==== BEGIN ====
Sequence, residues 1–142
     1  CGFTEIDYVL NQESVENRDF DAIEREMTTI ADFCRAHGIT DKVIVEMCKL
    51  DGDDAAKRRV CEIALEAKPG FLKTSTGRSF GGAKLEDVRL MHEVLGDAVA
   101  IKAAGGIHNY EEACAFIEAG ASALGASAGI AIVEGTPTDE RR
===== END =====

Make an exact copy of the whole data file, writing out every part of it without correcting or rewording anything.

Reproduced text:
Sequence, residues 1–142
     1  CGFTEIDYVL NQESVENRDF DAIEREMTTI ADFCRAHGIT DKVIVEMCKL
    51  DGDDAAKRRV CEIALEAKPG FLKTSTGRSF GGAKLEDVRL MHEVLGDAVA
   101  IKAAGGIHNY EEACAFIEAG ASALGASAGI AIVEGTPTDE RR